7. WR Marquez Stevenson, Houston
Stevenson didn’t waste any time introducing himself to college football fans, and he’s back for more. Only a junior, we could see him in a Cougars uniform another year after this one. In his first full season as a starter, Stevenson amassed 1,019 yards receiving and nine touchdowns. Houston also handed him the ball 14 times for 126 yards and two more scores on the ground.
Besides his lightning quickness, Stevenson’s balance stands out. Though he isn’t the biggest guy on the field, he plays big and refuses to go down easily. Teams will shift their attention his way this year, but Dana Holgorsen and his staff will find ways to get him the ball no matter how many guys watch him.
6. WR James Proche, SMU
The Mustangs are putting out a lineage of wide receiver products and Proche is the latest to etch his name in the school’s history books. The senior from Dallas is fifth all-time at SMU with 24 career receptions touchdowns and seventh all-time in both career receptions (190) and receiving yards (2,724).
Proche is coming off a junior season in which he was one of the top receivers in the nation. He finished with 93 catches for 1,199 yards and 12 touchdowns, leading the AAC in each category. His numbers were fifth in the nation in receptions, eighth in receiving touchdowns and 12th in receiving yards.
It remains to be seen if Proche can post the same figures with Ben Hicks no longer at SMU. Whether its Shane Buechele or William Brown at quarterback this season, they have a NFL-caliber receiver to get the ball to.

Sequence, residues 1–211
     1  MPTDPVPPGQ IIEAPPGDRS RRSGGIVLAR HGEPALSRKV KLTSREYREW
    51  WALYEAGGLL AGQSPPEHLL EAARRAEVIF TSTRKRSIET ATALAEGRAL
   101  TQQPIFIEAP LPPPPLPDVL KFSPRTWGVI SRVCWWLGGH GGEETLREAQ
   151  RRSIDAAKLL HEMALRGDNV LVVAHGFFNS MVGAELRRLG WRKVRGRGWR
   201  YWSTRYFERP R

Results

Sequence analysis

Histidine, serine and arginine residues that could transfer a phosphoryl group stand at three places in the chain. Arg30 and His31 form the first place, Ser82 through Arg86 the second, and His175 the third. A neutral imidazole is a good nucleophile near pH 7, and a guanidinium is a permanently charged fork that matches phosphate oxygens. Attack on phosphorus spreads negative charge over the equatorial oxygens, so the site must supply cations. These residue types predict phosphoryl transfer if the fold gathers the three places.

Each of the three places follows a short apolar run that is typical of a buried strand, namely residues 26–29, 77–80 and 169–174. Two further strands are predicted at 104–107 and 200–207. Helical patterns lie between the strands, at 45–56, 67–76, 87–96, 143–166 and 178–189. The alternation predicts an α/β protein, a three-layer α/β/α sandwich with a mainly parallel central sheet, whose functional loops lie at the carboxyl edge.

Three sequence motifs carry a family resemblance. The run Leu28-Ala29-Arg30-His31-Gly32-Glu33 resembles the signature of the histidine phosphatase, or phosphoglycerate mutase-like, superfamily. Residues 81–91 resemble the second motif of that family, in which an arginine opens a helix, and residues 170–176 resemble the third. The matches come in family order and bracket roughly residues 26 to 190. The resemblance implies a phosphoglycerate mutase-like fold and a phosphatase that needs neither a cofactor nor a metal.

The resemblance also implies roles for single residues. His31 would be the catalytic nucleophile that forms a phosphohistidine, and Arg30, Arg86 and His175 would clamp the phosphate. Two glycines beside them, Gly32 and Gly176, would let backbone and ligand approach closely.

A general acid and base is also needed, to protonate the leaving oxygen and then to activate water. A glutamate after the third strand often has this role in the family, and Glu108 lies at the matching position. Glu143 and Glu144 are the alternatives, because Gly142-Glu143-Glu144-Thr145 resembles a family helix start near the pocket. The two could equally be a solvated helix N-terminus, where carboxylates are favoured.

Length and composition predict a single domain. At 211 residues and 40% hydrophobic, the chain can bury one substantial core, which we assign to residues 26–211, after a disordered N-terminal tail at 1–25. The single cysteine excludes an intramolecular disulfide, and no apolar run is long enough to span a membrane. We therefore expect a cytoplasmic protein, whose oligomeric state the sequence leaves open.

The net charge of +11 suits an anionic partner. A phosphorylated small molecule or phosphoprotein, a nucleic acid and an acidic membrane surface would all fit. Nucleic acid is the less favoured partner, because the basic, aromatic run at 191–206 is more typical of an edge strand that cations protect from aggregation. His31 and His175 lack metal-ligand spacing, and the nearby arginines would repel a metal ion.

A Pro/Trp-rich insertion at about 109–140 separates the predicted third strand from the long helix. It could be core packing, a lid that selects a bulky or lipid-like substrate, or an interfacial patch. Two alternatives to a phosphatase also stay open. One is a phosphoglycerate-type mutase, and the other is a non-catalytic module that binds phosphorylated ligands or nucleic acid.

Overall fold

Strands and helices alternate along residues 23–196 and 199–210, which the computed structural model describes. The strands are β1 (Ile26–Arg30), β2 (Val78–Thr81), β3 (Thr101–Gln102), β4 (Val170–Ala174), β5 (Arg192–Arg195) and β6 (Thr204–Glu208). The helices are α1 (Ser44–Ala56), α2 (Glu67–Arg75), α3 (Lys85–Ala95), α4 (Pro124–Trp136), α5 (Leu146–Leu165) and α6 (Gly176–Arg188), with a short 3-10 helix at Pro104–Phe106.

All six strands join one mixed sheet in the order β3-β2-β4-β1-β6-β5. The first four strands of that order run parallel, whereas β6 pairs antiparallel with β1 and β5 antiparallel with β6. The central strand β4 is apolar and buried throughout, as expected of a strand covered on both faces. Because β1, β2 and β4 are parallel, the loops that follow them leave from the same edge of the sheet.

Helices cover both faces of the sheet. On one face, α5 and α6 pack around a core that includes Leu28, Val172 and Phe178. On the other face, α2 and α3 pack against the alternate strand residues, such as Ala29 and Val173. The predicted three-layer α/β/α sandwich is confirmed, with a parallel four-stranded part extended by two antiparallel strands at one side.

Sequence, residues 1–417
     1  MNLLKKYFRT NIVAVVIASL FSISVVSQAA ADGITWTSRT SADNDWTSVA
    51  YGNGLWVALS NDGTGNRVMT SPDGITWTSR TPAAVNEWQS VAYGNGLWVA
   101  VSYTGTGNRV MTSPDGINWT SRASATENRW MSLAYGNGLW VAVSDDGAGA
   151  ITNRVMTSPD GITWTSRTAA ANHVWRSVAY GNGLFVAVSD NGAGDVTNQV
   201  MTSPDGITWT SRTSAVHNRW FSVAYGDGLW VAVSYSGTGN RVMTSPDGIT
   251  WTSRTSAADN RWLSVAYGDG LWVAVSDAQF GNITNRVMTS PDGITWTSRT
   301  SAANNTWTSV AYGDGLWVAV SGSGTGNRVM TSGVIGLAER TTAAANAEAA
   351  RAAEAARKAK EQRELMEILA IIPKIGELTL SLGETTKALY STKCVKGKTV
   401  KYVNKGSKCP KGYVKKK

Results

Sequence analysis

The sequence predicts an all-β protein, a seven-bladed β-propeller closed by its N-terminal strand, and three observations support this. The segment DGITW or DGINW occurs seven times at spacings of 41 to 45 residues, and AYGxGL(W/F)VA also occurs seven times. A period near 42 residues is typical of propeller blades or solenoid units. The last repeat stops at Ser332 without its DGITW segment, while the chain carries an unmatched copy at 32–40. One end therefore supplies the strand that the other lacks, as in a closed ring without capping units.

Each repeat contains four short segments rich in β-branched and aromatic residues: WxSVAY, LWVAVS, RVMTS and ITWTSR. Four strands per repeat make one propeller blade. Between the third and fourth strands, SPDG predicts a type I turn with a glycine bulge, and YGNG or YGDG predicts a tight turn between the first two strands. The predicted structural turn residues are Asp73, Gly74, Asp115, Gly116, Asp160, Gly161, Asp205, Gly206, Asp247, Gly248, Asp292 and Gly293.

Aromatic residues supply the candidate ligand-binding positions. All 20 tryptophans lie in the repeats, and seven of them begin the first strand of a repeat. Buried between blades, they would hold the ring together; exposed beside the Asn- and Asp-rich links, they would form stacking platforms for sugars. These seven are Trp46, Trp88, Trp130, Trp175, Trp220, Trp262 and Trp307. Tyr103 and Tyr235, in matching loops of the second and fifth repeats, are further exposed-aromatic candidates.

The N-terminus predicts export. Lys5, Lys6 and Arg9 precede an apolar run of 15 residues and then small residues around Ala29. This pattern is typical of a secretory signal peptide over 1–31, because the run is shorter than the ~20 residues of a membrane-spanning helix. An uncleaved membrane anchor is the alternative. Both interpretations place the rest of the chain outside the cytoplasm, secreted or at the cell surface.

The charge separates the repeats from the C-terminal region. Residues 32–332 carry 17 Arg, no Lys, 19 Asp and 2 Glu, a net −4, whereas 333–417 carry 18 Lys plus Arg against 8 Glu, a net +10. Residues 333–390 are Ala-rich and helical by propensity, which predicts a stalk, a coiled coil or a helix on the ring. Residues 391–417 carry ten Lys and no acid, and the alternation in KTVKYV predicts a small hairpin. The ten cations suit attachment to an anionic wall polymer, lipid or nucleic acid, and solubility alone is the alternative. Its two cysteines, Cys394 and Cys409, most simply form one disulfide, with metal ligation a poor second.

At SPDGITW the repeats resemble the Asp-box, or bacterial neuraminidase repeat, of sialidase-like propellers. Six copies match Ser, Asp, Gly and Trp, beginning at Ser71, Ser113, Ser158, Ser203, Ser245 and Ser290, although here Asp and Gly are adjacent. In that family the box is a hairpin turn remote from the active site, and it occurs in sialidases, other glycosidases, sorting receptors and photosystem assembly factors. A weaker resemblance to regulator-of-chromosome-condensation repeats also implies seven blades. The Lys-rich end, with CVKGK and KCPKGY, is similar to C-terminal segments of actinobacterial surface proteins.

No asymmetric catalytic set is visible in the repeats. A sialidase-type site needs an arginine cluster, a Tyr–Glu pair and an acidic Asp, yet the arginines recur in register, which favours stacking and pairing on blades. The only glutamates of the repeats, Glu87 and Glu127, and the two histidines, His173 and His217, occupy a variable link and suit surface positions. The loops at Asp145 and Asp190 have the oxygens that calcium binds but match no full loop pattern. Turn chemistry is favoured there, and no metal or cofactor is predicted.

5. DE Patrick Johnson, Tulane
A rising star, Johnson could be a first round pick in the NFL Draft. His 14 tackles for loss and 10 sacks led the team last year, and he’s set to post even bigger numbers. In addition to living in the opposing backfield, Johnson can move out in space to cover receivers. That versatility is something scouts will love watching.
4. RB Patrick Taylor, Memphis
Darrell Henderson got A LOT of the attention last season, and it was well deserved as the now Los Angeles Rams running back led the nation in yards per touch. Losing such a big piece of the offense would cripple some teams, but Henderson wasn’t the only Tigers back giving defenses fits.
Taylor and Henderson each rushed for over 1,000 yards last season, one of four college football teams to have two players reach the milestone (surprisingly, one of the other four teams was UConn). With Henderson and Tony Pollard no longer with the program, it’s Taylor’s turn to be the cowbell and cement himself as one of the best to play the position at Memphis.